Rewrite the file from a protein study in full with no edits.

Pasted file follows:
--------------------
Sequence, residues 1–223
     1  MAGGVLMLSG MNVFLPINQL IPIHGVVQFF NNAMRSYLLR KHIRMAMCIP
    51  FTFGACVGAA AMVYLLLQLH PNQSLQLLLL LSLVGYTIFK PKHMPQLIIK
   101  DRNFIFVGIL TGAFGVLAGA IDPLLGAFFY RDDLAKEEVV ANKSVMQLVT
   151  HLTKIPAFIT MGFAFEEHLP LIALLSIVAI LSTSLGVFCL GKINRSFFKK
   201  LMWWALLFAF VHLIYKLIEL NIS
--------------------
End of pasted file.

Sequence, residues 1–223
     1  MAGGVLMLSG MNVFLPINQL IPIHGVVQFF NNAMRSYLLR KHIRMAMCIP
    51  FTFGACVGAA AMVYLLLQLH PNQSLQLLLL LSLVGYTIFK PKHMPQLIIK
   101  DRNFIFVGIL TGAFGVLAGA IDPLLGAFFY RDDLAKEEVV ANKSVMQLVT
   151  HLTKIPAFIT MGFAFEEHLP LIALLSIVAI LSTSLGVFCL GKINRSFFKK
   201  LMWWALLFAF VHLIYKLIEL NIS